Last week, Microsoft rolled out its promised “Unverified Sender” enhancement to Office 365 to help users “identify suspicious messages” (i.e. spam or phishing emails) that reach the Outlook inbox. 1 This comes after a bulletin in which Microsoft urged Office 365 administrators and users to not turn off its built-in spam filters to “minimize the potential of a data breach or a compromised account.” 2

Many users are mistaken that there are different kinds of protections to their data in the cloud. But the risks of data loss or compromised data are no less of a problem in the cloud than in a modern server, desktop or phone.

As an example, think your Office 365 files are recoverable if they are mistakenly deleted? You might be led to think so by the fact that Office 365 has one of the most robust backup programs on the planet, with redundancies across the globe. But those redundancies are concerned not with your documents, but with Office 365’s availability. Microsoft promises 99.9% uptime for its service, not that you’ll have access to previous versions of your documents — before a major edit, before an accidental deletion, before a ransomware attack.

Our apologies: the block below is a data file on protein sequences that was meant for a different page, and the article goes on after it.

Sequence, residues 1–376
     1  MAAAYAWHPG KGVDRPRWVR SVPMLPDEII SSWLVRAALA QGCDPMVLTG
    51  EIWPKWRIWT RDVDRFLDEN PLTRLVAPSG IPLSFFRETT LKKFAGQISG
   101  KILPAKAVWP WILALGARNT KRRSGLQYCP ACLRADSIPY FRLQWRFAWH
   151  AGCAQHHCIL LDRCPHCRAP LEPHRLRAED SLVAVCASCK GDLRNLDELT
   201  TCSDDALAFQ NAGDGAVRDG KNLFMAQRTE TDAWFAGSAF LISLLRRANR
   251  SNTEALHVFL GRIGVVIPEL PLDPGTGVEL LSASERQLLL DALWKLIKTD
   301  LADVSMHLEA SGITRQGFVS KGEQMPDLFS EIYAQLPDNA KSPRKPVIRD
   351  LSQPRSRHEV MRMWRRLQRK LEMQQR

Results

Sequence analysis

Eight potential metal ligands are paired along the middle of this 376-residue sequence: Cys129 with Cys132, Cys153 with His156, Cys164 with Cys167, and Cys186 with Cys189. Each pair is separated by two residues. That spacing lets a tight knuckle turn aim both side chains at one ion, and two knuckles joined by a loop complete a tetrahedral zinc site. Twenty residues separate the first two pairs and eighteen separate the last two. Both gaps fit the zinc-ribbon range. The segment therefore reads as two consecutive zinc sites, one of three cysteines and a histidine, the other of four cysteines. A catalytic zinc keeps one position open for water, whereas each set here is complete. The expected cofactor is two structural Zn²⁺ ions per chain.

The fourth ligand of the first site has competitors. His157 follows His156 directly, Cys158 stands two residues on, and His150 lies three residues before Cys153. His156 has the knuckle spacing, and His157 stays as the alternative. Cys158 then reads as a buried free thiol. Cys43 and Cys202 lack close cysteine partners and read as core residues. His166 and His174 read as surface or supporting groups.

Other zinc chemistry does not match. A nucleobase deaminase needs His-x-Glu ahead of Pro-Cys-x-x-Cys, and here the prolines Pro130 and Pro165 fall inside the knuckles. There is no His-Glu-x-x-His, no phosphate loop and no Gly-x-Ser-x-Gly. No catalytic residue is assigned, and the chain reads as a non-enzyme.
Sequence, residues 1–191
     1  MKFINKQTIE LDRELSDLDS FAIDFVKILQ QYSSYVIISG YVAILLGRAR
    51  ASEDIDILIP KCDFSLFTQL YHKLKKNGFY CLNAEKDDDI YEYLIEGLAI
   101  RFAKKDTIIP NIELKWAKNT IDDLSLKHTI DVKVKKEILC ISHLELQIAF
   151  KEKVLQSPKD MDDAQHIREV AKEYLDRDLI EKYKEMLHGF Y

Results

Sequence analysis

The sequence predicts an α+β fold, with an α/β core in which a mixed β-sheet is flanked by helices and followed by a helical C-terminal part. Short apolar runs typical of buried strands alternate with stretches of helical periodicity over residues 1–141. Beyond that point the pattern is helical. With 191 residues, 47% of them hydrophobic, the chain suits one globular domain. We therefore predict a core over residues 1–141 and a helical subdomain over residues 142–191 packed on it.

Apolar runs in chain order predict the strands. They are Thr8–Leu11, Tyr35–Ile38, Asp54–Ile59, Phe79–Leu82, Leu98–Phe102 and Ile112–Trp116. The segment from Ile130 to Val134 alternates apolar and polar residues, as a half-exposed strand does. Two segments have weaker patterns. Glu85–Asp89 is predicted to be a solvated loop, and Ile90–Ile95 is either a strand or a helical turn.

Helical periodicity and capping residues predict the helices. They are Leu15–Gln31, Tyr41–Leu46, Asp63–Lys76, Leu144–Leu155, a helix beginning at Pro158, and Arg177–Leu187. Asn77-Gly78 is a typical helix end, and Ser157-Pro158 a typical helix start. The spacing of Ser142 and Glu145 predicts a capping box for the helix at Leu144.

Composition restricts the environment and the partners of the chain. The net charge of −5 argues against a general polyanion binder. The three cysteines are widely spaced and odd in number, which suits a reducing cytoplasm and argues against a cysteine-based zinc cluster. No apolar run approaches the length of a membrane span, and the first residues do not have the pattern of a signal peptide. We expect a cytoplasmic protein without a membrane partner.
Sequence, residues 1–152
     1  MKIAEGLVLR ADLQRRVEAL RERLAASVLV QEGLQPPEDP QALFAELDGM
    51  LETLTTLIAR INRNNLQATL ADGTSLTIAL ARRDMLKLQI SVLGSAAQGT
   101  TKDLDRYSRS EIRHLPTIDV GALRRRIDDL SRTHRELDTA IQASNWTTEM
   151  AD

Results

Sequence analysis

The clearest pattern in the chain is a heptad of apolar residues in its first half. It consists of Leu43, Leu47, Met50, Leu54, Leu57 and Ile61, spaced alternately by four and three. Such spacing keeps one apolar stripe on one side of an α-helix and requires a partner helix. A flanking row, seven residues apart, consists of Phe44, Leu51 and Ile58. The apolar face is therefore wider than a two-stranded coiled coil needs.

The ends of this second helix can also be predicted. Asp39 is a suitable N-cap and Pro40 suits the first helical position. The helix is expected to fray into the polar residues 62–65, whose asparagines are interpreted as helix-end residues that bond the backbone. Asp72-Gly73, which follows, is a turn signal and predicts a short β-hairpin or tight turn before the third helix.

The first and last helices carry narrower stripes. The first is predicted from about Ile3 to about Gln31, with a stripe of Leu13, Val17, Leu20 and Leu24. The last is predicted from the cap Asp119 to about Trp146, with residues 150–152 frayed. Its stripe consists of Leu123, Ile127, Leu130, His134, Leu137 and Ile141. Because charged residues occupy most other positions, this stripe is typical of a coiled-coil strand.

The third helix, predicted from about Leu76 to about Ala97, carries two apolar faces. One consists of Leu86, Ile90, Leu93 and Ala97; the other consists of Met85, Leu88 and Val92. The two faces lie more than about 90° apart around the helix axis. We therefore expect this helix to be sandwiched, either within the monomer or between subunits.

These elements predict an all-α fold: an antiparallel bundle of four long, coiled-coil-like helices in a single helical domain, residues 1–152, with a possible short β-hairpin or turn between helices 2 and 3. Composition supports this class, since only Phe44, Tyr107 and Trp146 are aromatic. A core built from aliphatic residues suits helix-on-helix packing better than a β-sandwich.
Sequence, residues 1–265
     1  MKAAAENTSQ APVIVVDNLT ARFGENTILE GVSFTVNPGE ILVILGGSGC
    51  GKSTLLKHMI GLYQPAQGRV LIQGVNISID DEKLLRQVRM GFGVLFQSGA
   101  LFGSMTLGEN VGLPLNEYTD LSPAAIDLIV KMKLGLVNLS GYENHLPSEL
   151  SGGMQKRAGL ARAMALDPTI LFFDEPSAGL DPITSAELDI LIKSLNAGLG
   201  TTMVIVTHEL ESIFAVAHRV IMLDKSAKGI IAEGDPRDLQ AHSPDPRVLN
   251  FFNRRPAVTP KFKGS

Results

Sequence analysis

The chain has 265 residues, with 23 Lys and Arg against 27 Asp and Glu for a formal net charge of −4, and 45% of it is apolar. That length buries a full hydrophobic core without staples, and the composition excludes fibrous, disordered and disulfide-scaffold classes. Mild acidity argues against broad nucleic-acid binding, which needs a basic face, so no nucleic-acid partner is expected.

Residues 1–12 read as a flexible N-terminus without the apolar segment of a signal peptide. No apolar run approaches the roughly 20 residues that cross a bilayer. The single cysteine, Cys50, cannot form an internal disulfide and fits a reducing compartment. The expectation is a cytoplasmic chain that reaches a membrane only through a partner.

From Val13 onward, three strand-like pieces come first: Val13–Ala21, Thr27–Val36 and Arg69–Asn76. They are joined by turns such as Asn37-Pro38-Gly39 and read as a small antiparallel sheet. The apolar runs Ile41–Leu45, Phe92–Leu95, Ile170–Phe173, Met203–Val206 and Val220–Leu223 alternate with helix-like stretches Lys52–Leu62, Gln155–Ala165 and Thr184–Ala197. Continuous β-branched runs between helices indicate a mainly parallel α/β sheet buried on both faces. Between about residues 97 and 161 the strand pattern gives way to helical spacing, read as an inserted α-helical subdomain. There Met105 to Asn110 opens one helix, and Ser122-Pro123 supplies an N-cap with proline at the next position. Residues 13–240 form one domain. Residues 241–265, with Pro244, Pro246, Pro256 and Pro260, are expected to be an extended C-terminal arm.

Office 365’s terms and conditions read: “it’s your data. You own it. You control it. And it is yours to take with you if you decide to leave the service.” Microsoft’s message is it may be in the cloud, but it remains your data, your responsibility to ensure it’s appropriately protected. 3

If you’re in need of a solution, Bryley can help you to have peace-of-mind that your business’s data in the cloud is backed-up and accessible every day. Reach Bryley at 978-562-6077 Option 2 or email




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